A Clear View Indeed: A Review of Shattered Globe Theatre’s A View From the Bridge 

Photo by Jeffrey L. Kurysz

Review by Seth Wilson

Arthur Miller’s status as one of the canonical American dramatists has always left me a bit puzzled. His plays have obvious historical value, but his writing lacks the lyricism of Tennessee Williams, the social conscience of Clifford Odets, or the profound humanity of Thornton Wilder. Miller plays always struck me as more museum pieces than vital, living works. After seeing Shattered Globe Theatre’s production of A View From the Bridge, however, I’ve developed a new appreciation for the possibilities of his work onstage. In a muscular staging by director and ensemble member Louis Contey, the cast and creative team find new life in this classic by digging deep into it. 

Though Miller is shelved alongside the capital-R Realists, his plays have little to offer an audience today in the way of social critique. Despite its subject, A View From the Bridge has no meaningful commentary on immigration as a matter of politics, and the play’s attitudes towards gender and sexuality are hopelessly retrograde. In structure and tone, it’s more or less a melodrama. Rather than trying to hammer the work into something it isn’t to make it more contemporary to our moment, however, Contey and the cast meet the play where it is. Staged on a spare, suggestive set in an alley configuration, the play moves quickly and allows the actors to drive the action to thrilling effect.  

What gives Miller’s work its power is its moral clarity. I don’t mean to suggest that he’s always morally right — The Crucible is a well-written play that has aged like milk — but rather that his plays always have a clearly defined moral structure and the dramatic tension derived from watching characters caught when their desire for happiness conflicts with doing the right thing. That quality is never more finely tuned than in this play, likely because it’s Miller’s splenetic rebuke to his former friend Elia Kazan for the latter’s naming of names to the House Committee on Un-American Activities. As such, A View From the Bridge is a searing indictment of the costs of moral cowardice.

Eddie Carbone, like all Miller protagonists, faces a moral dilemma. He’s in love with his niece, Catherine, whom he has raised since childhood. He seems content to repress these feelings, but the arrival of two of his wife Beatrice’s cousins, Marco and his younger brother Rodolpho, from Italy forces him to confront the problem. The family hides the two men, who entered the country illegally, but Rodolpho and Catherine fall in love. Eddie tries to convince everyone, himself most of all, that Rodolpho is gay and only using Catherine for access to citizenship. He soon realizes, however, that the only way to get rid of the younger man is to rat the brothers out to the immigration police. That decision forms the moral crux of the play. 

This production makes clear from the opening moments that Eddie is in trouble. As he comes home, his niece Catherine comes to greet him. The hug between them lasts a little too long, and he seems to breathe her in a little too deeply. We can tell that this house is neither safe nor happy, and a palpable sense of dread pervades the show. This anxiety, mirroring Eddie’s increasing desperation as he runs out of options and sinks to depths of mania that lead him to disaster, makes the two-hour runtime a taut affair that feels much shorter.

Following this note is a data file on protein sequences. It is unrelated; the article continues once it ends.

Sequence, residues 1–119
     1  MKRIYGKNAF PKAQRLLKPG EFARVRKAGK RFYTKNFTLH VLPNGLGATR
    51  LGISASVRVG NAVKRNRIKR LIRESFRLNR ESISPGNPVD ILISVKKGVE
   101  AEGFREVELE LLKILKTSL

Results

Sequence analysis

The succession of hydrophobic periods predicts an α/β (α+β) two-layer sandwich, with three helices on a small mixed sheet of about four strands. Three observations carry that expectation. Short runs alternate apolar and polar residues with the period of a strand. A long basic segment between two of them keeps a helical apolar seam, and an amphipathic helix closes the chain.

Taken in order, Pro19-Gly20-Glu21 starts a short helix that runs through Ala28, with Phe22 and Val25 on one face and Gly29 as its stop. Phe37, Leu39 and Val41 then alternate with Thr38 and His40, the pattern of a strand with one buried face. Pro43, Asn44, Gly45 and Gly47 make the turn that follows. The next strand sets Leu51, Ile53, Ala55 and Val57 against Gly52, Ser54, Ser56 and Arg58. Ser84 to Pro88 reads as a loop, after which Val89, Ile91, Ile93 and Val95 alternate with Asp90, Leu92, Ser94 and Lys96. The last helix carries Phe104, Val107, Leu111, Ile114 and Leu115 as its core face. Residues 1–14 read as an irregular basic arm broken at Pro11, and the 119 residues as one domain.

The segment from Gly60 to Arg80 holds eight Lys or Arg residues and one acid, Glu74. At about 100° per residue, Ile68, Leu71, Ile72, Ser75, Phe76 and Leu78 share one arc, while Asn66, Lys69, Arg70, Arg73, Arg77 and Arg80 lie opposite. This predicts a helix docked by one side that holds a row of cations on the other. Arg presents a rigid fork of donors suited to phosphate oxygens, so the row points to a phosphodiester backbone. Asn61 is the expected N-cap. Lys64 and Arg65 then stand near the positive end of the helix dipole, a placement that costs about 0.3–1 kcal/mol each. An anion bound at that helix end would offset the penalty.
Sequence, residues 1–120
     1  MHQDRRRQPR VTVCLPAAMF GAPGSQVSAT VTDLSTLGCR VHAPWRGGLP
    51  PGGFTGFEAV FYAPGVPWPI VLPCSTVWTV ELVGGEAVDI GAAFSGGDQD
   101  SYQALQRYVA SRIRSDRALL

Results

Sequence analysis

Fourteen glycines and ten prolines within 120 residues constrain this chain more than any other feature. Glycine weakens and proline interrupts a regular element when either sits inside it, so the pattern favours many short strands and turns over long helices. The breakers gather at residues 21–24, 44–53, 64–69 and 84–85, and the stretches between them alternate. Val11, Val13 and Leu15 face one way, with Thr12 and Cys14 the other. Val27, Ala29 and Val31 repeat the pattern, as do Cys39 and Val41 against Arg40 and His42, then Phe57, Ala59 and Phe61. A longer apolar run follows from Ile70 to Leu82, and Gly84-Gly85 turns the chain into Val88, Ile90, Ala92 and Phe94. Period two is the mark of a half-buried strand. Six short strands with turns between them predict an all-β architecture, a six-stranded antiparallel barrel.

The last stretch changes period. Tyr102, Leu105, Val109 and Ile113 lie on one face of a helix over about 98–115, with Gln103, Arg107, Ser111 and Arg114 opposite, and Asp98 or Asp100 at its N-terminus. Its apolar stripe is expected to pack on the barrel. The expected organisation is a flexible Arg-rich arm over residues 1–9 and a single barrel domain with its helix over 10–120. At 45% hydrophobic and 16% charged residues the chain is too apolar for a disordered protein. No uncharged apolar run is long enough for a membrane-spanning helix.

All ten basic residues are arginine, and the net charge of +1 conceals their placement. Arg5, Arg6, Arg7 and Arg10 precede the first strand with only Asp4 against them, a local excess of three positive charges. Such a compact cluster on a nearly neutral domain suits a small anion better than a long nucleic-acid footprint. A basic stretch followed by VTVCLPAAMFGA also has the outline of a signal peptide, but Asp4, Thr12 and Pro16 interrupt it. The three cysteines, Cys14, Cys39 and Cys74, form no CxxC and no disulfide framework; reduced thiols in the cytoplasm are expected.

The opening moment is just one of many, large and small, to relish in a uniformly excellent set of performances, the strongest aspect of the production. Scott Aiello brings Eddie to life with an astonishing physicality that makes the man seem like a bundle of raw nerves wrapped in skin. He’s uncomfortable and edgy, constantly shifting and hunched, never at ease anywhere in the world. Early in the play, we learn it’s been three months since Eddie and Beatrice last had sex. Aiello’s rendering of the character suggests this alienation is a result of Eddie’s withdrawal into himself. When we do see him express any physical confidence, it happens through violence. In the hands of a lesser actor, this type of psychological-physical interpretation might become ponderous or showy, but Aiello keeps the action swift and sharp.

In poignant contrast, Isabelle Muthiah and Harrison Weger play the young lovers with a lightness and openness that underscores their connection and separates them from Eddie. In particular, the pair deftly navigate the moment at the top of the second act in which an argument transforms into a love scene. Likewise, Eileen Niccolai’s Beatrice is a study in balance, as her performance at the play’s climax achieves emotional weight without crossing the line into simple melodramatics.

An old saw about remounting classics from the repertory like A View From the Bridge is to say that they won’t change any minds. That isn’t true of Shattered Globe’s work here, however, as it very much did make me rethink my view of Miller’s work. The play doesn’t ask particularly difficult questions as much as it insists on the importance of moral responsibility. But this production does so with such force and such skill that anyone would be well advised to listen.

A View From the Bridge is presented by Shattered Globe Theatre and is now playing at Theatre Wit, 1229 W. Belmont Avenue, until October 21. Performance times vary; check the website at Theatre Wit. Find more information about current plays on our Current Shows page and at theatreinchicago.com.

Highly Recommended

Leave a Reply

Your email address will not be published. Required fields are marked *